two faces

The Holy One

Judaism holds a tension between the transcendent—the unknowable, the infinite, the separate, the “container” of the world—and the immanent—the tangible, the indwelling, the world itself. In Jewish thought, though physical images are discouraged, images of God may be drawn from human forms. The transcendent God is generally depicted as male (though God may have feminine qualities such as rachmanut, compassion, literally wombfulness). In later mystical tradition, the immanent qualities of God become feminized, but in the Bible these qualities too belong to God. The transcendent God is creator, father, judge, and warrior, but also healer and gardener. In later rabbinic thought, God is rabbi, scribe, and scholar. Other biblical images of the transcendent God are non-gendered and drawn from nature—the rock, the spring of water, the soaring eagle. In the Talmud God is sometimes simply called “makom” (the Place).
In kabbalah, the highest form of transcendence is literally formless—the ein sof or “without end.” We can know virtually nothing about this aspect of God. We can only imagine God through more finite metaphors–the wise creator, the good father, the tree of life, the Lady Wisdom, and so forth. The scholar Tikvah Frymer-Kensky and others have reminded us that we need multiple metaphors to fully describe our experience with God.

The “Holy One blessed be He” (Kadosh baruch hu) is a common rabbinic name for the transcendent God that humans can pray to and attempt to imitate. The Holy One is a wise teacher, an artist, a fighter, and sometimes a mysterious absence. The kabbalists identified the Holy One with the sefirah (Divine aspect) of tiferet, a masculine aspect of God that symbolizes the heart or sacred center, and also represents compassion and balance. Tiferet is the prince, the lover of Shekhinah, the tree of life, the sun, and the place where all opposites come together.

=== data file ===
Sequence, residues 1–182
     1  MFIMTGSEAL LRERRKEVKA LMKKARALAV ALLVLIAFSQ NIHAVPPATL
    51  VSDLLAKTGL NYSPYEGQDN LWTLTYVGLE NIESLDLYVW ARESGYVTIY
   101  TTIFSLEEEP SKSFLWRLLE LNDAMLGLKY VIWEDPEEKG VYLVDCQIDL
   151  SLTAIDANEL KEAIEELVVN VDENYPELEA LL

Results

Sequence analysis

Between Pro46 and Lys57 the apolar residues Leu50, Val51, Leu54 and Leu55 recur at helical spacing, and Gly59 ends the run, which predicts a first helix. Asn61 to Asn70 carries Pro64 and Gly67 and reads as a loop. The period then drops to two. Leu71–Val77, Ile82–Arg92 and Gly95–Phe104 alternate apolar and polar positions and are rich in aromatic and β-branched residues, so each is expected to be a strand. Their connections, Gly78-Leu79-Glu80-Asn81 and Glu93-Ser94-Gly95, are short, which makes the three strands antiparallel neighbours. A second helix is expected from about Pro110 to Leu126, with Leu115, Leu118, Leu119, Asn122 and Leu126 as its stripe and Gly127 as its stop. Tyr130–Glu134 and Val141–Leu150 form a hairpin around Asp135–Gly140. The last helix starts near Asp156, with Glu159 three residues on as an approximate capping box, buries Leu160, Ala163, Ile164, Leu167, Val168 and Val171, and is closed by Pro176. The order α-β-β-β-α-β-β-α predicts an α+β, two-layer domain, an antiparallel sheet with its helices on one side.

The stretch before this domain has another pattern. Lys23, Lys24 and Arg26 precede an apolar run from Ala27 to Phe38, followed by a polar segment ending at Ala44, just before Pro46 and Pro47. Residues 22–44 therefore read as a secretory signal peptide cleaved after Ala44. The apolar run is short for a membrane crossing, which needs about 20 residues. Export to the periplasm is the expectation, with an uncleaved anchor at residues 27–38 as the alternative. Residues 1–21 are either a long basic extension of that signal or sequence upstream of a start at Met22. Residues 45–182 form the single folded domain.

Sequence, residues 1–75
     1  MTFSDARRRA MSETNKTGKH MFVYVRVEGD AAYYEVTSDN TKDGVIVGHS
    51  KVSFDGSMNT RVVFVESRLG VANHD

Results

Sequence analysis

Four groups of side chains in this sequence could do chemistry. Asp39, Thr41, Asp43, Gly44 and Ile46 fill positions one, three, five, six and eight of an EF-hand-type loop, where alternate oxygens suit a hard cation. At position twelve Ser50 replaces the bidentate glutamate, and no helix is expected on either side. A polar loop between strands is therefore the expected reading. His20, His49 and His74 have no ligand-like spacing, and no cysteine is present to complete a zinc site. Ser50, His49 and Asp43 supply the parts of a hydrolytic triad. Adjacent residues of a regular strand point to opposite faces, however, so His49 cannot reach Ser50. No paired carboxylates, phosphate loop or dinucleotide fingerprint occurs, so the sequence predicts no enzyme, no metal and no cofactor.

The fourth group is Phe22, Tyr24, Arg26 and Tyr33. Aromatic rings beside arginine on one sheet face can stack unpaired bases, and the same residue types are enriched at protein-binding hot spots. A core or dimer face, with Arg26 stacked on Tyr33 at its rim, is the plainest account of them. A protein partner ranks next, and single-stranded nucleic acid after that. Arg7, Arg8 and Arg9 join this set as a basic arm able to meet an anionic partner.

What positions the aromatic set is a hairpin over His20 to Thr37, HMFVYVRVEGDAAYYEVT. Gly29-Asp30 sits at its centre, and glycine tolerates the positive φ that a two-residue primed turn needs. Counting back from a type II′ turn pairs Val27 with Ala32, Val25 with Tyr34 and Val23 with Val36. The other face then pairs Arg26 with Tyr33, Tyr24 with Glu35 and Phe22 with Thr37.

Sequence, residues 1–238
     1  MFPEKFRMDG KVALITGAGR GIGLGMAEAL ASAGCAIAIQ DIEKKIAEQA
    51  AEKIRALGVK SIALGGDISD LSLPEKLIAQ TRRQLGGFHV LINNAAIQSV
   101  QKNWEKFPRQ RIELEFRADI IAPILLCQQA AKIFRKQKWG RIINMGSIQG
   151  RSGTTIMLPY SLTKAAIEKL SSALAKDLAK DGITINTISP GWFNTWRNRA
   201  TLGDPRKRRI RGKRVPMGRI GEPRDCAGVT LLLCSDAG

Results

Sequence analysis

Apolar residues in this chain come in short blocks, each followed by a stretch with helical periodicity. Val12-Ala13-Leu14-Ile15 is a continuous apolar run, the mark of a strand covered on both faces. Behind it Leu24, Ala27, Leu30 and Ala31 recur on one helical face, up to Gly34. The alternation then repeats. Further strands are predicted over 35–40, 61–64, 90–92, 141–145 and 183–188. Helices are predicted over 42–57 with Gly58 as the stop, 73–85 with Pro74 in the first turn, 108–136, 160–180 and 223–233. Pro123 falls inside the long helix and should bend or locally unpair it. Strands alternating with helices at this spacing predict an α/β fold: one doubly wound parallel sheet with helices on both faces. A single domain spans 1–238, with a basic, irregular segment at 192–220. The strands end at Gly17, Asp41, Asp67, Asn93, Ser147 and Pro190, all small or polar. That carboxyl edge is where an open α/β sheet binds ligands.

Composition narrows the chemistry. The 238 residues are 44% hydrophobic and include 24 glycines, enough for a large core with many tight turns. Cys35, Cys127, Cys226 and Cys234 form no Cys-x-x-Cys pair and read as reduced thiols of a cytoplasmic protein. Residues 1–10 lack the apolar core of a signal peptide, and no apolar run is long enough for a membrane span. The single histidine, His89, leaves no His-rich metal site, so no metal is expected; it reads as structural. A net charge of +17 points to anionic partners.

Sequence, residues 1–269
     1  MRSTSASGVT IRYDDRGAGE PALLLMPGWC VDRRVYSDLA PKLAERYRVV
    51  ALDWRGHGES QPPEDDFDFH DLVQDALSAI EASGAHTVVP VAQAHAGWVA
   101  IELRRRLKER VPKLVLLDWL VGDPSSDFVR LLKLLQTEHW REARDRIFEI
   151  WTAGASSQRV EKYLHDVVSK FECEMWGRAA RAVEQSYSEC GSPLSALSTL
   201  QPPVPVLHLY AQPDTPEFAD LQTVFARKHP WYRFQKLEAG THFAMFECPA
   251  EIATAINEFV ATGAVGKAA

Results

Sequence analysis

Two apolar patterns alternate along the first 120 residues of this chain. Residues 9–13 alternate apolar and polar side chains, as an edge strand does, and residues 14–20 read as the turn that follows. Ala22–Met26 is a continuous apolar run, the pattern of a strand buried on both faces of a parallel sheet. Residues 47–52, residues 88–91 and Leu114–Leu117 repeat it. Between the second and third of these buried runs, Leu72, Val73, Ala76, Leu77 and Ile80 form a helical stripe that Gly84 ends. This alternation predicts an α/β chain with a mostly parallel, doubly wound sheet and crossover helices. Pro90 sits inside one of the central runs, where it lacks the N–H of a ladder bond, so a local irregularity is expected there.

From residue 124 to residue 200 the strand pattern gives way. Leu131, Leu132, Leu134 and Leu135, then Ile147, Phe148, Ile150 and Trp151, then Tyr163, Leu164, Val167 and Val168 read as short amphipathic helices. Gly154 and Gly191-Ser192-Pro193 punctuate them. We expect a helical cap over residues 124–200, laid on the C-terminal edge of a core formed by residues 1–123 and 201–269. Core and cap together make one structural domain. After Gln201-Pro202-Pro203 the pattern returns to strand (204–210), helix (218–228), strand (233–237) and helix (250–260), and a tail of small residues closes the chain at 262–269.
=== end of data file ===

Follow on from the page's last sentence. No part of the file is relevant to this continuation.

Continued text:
It would be a mistake to identify the masculine with the transcendent and the feminine with the immanent, just as it would be a mistake to associate the masculine divinity with light and the feminine divinity with darkness. It will require just as much work to reclaim and expand the male image of God—the Holy One, the father in heaven, the flowing spring, the sage of Torah—as it requires to reimagine the Divine feminine. Yet we may continue to find the diverse male images of Jewish tradition moving and edifying as we explore what the divine masculine can mean to us in a spiritual universe where neither gender dominates. Some of us may retain the Holy One as a masculine being with varied traits (not only traditional traits of power and strength), and some of us may view the Holy One as a non-gendered expression of the transcendent creativity of the Divine.

I am amazed by the giraffe, the Amazon river, the quasar, the human eye. It is at these moments of amazement that I experience the transcendent Holy One most deeply, whether as nourisher of the birds or kindler of the stars, whether as aged or ageless, as wild mother or soft, cloud-like father. Maimonides said that God “is the knower and also what is known, and also the knowledge itself.” Sometimes, for me, the Holy One is simply God as knower, and I feel the warmth of God’s knowing when I observe a lunar eclipse, a candle flame, or a cat leaping in the air.

And sometimes, the Holy One is a masculine being: a friend with curly black locks who walks beside me in the garden, a kind and generous father who backs off enough to let me make my own decisions, or a seed of light planted by the Shekhinah in the universe. He is not a definitive list of male traits, but an image that comes to me and comforts me. Then, too, I am drawing on the Jewish tradition of the Holy One to find God in the world, and in myself.

Jill Hammer



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